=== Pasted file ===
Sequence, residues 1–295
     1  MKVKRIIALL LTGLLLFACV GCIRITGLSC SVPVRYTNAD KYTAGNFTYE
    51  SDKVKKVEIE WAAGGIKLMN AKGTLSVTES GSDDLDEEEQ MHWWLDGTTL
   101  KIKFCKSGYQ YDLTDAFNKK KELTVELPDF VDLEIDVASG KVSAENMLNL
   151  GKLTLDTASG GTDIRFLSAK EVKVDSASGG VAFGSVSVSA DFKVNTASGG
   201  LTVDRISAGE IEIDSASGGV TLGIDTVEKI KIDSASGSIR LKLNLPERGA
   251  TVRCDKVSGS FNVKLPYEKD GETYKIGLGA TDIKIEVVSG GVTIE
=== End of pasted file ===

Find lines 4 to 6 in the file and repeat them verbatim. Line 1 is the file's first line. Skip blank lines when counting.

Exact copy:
   101  KIKFCKSGYQ YDLTDAFNKK KELTVELPDF VDLEIDVASG KVSAENMLNL
   151  GKLTLDTASG GTDIRFLSAK EVKVDSASGG VAFGSVSVSA DFKVNTASGG
   201  LTVDRISAGE IEIDSASGGV TLGIDTVEKI KIDSASGSIR LKLNLPERGA